Ten and a half years after the IRA ceasefire, six and a half years after the signing of the Good Friday Agreement, two years after the latest collapse of the power-sharing government in Belfast, the IRA may be about to disarm completely and disband.
It has — according to reliable reports — offered to do this in return for Ian Paisley’s Democratic Unionist Party, whose leader has bellowed “no” to every political initiative in Northern Ireland for 50 years, joining Sinn Fein in a new power-sharing Belfast government.
In the last Northern Irish General election the Paisleyites displaced the Ulster Unionist Party of David Trimble as the biggest party on the Unionist side; and Sinn Fein/IRA displaced the Social Democratic Labour Party as the main Catholic Nationalist party.
Right now these putative partners in government still refuse to talk to each other directly. Negotiation is taking place with the London and Dublin governments as go-betweens.
Yet, however protracted and zig-zag-ridden Sinn Fein/DUP negotiations prove to be, the IRA offer to “disband” is an enormous event.
They propose to destroy all their weapons and to have the historic event witnessed by two clergymen. So far they resist the Paisleyite demand that the destruction should be photographed, so that Northern Ireland’s Protestants will be assured that the arms really have been destroyed.
Photographing the destruction of arms has for a while been the big sticking point. The IRA refused, saying that the Paisleyites wanted only to “humiliate” the IRA. That this triviality looms so large is the measure of how far they have gone towards agreement. That it is the last “big” demand of the Paisleyites, who had said they wanted to completely “renegotiate” the whole Good Friday Agreement, shows how far the DUP has moved towards accepting power-sharing with Sinn Fein in government.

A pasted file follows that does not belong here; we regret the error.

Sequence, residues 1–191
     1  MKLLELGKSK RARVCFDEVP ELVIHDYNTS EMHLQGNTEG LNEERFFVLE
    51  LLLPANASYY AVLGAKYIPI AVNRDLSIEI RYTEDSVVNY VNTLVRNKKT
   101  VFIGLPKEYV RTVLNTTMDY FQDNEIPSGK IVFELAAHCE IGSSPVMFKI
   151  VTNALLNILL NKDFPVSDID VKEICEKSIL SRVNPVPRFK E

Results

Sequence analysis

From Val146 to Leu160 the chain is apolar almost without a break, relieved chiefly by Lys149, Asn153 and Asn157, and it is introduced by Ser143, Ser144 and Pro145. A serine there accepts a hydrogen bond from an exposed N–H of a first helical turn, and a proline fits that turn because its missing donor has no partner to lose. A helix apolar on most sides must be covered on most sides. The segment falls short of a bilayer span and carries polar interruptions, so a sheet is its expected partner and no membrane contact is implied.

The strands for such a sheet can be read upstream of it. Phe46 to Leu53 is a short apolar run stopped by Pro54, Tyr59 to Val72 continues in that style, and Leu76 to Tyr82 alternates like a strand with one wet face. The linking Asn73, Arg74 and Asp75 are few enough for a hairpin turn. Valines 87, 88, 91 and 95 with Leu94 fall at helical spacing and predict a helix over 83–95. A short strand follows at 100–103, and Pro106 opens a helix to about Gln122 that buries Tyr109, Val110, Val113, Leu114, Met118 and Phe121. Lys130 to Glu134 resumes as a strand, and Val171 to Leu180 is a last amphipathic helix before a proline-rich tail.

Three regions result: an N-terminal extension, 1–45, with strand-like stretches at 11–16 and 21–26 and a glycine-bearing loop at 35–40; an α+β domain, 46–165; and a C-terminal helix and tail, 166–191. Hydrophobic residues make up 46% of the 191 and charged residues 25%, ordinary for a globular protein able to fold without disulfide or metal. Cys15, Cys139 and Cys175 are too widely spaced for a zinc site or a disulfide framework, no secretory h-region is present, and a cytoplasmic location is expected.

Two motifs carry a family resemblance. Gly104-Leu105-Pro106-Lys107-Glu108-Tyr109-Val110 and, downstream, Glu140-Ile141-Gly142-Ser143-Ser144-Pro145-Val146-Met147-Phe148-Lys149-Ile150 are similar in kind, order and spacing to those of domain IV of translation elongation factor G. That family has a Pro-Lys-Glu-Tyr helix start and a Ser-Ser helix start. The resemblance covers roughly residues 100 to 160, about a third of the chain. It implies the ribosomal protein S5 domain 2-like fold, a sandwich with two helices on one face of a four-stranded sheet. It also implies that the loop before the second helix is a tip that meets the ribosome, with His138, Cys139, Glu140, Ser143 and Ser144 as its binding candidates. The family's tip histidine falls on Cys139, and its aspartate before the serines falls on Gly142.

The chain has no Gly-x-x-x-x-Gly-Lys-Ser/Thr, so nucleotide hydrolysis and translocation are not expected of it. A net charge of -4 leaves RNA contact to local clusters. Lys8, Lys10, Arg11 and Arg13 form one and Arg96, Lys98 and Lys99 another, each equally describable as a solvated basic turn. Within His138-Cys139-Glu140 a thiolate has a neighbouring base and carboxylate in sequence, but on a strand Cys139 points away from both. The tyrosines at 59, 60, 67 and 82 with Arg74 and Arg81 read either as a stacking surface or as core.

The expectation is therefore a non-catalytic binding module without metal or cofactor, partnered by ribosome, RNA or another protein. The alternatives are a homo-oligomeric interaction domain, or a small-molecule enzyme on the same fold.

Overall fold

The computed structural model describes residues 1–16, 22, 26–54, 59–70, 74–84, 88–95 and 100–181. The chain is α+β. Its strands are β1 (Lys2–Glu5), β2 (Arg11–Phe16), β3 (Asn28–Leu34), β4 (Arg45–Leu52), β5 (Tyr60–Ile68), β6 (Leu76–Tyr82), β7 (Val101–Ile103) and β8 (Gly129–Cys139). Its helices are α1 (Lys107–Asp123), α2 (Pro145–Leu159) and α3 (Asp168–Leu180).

It is by no means certain that SF-DUP agreement will be reached immediately. Ian Paisley is old and visibly frail, his once bull-horn voice diminished and beginning to quaver, but he is probably still capable of finding “good” “Protestant” reasons to refuse to go the last logical step into a new SF-DUP dominated power sharing government.
Paisley has publicly said that for their deeds over 30 years IRA-Sinn Fein should be made to wear the biblical “sackcloth and ashes until the sackcloth and ashes wear out.” Sinn Fein’s Gerry Adams only admonished him mildly, calling for moderation. That too is a sign of how things are going.
The system embodied in the Agreement of Easter 1998 requires the participation of all the Northern Irish parties and rules out government by an ad-hoc coalition that would bypass the Paisleyite Protestant majority and install rule by, say, SF, the SDLP and the Trimble Unionists. The system thereby puts pressure on the political extremes to accommodate to each other. The DUP and Sinn Fein both want a Belfast government, and under the Good Friday Agreement they can get it only if they work together.